Shakespeare's Myths

Tereus, Also Tereu


Related entries
Philomel; Progne; Itys


Tereus was a son of Ares, and the king of Thrace (or in some sources the ruler of the Thracians in Daulis). Tereus assisted the king of Athens, Pandion, in a territorial dispute with the neighbouring king of Thebes. His reward was marriage to Pandion’s daughter, Progne. This is the beginning of the chief myth connected to Tereus, which is foretold by various bad omens at his and Progne’s wedding. When they have been married for five years, Progne asks Tereus to go to Athens to collect her sister Philomel for a visit. Tereus is overcome with desire at the sight of Philomela and persuades her reluctant father to allow her to leave him and visit her sister. When Philomel and Tereus arrive back in his kingdom, Tereus takes her to an isolated house in a forest and repeatedly rapes her. When Philomel berates him for this crime, Tereus cuts out her tongue with his sword, imprisons her, and goes home to Progne. He tells Progne that Philomel is dead. Philomel remains trapped in seclusion for a year. During this time, she weaves a tapestry depicting Tereus’ abuse of her and sends the tapestry to Progne via a loyal servant. When Progne receives the incriminating tapestry, she immediately understands its meaning and is incensed. Progne rescues Philomel, using a Bacchic festival as cover, and together they plot revenge on Tereus. They murder Progne and Tereus’ little son, Itys, dismember him, and cook his body. Progne serves the resulting banquet to Tereus. When he enquires after his son at the end of the meal, the sisters throw Itys’ severed head at him and flee, with the enraged Tereus in pursuit. The gods turn the three into birds, Tereus into the hoopoe, Philomel into the nightingale and Progne into the swallow (at least this is the case in the more familiar Roman versions exemplified by Ovid and Hyginus; the women’s metamorphoses are the other way round in earlier Greek sources such as Thucydides or Apollodorus). In both Hyginus and Apollodorus’ accounts, Tereus conceals his wife Progne in a forest, pretends that she is dead, and is offered Philomel as replacement. The fullest and most detailed accounts of the narrative are found in Ovid and Apollodorus, though evidently these texts differ as described, whilst the other sources cited include only passing reference to the myth.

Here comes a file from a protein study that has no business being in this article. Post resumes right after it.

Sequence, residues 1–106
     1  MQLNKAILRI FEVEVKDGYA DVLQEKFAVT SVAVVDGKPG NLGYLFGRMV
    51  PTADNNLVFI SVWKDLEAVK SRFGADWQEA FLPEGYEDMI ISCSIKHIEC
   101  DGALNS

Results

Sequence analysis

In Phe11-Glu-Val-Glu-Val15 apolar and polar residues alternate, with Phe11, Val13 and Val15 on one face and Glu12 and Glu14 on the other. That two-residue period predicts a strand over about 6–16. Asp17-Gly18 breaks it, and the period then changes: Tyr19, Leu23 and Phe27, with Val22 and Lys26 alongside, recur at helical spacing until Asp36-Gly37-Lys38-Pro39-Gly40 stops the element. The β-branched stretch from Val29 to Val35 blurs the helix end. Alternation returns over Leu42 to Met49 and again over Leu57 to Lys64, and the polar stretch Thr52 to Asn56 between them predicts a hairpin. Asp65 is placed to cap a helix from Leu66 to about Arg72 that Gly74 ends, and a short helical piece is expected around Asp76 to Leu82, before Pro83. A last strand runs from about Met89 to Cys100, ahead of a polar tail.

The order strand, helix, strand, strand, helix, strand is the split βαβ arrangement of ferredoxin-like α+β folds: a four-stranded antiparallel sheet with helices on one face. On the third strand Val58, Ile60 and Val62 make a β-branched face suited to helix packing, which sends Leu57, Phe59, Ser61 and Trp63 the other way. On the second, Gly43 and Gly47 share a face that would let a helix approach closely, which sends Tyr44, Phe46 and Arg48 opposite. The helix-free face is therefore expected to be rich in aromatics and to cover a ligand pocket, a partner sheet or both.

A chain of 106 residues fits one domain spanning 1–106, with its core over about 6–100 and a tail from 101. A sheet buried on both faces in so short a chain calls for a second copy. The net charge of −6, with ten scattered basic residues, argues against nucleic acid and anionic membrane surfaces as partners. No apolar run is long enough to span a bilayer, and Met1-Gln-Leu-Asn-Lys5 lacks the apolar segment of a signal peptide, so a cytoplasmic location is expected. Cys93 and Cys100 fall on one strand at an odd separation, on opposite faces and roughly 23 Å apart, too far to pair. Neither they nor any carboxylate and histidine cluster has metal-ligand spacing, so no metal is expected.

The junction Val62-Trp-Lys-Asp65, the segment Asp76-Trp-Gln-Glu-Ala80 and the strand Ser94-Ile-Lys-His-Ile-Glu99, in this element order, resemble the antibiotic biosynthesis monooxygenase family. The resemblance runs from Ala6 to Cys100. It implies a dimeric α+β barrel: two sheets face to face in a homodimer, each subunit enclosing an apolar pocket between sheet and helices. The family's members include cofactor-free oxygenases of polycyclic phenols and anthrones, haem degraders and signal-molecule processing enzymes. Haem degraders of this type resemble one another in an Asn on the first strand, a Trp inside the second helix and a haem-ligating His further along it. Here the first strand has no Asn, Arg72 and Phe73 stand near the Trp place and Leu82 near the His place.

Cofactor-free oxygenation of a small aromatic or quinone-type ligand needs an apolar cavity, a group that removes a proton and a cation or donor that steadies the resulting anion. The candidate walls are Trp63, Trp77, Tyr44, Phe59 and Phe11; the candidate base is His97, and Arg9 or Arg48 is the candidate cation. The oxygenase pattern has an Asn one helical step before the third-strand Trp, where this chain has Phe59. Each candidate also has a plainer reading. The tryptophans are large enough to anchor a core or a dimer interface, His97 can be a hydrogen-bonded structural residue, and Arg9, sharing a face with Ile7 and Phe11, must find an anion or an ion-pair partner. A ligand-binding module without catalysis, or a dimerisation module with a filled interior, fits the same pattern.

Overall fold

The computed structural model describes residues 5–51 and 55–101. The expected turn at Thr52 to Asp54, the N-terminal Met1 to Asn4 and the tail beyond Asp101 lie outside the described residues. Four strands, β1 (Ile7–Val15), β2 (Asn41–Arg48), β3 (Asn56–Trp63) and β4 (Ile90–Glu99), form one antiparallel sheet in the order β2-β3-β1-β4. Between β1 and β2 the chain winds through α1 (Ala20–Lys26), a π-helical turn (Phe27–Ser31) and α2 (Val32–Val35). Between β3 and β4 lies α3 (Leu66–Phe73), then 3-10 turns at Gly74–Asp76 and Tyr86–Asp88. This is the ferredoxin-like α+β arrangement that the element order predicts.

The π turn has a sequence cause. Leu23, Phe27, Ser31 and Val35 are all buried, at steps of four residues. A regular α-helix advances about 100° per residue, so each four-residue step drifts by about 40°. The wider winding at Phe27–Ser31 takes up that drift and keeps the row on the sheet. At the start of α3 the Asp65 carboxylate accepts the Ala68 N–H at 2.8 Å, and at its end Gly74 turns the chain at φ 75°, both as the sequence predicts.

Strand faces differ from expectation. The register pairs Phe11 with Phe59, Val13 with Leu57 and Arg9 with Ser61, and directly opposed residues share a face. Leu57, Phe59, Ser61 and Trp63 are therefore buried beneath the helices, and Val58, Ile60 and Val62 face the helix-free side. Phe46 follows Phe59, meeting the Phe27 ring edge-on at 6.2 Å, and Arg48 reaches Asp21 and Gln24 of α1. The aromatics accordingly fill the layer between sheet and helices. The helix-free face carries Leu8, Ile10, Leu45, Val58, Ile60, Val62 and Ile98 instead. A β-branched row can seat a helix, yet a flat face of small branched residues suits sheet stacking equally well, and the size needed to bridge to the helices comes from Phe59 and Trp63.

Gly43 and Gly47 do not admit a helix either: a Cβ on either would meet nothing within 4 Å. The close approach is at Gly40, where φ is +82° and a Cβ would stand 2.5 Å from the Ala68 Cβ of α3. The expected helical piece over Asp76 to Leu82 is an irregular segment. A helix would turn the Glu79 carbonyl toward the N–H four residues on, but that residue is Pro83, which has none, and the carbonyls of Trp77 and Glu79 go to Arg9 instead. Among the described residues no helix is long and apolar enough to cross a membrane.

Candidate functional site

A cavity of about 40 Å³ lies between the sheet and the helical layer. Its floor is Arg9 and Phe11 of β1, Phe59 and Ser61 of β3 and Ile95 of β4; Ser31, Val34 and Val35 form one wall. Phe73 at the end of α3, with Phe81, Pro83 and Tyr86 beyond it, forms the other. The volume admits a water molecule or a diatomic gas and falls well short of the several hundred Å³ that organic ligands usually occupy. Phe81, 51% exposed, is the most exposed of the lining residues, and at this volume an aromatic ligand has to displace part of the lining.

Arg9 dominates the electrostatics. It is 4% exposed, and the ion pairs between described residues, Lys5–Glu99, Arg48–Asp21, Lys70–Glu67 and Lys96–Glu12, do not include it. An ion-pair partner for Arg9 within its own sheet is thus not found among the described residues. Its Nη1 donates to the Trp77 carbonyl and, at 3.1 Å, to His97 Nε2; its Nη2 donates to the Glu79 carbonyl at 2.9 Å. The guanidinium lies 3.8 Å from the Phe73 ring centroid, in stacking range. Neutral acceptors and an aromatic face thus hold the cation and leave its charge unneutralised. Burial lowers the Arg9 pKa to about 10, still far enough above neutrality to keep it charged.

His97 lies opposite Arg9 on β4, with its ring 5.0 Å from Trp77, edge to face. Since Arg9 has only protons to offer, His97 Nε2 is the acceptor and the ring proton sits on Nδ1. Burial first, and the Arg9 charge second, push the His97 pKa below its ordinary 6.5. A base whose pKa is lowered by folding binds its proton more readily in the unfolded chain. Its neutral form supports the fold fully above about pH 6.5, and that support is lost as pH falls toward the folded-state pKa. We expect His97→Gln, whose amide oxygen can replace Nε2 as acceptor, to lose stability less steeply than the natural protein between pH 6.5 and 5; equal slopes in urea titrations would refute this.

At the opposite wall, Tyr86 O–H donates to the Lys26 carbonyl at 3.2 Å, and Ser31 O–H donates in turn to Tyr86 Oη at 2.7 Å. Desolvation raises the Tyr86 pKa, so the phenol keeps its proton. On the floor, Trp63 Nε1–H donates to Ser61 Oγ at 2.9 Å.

How to cite

Sarah Carter.  “Tereus.”  2013.  In A Dictionary of Shakespeare's Classical Mythology  (2009-), ed. Yves Peyré.

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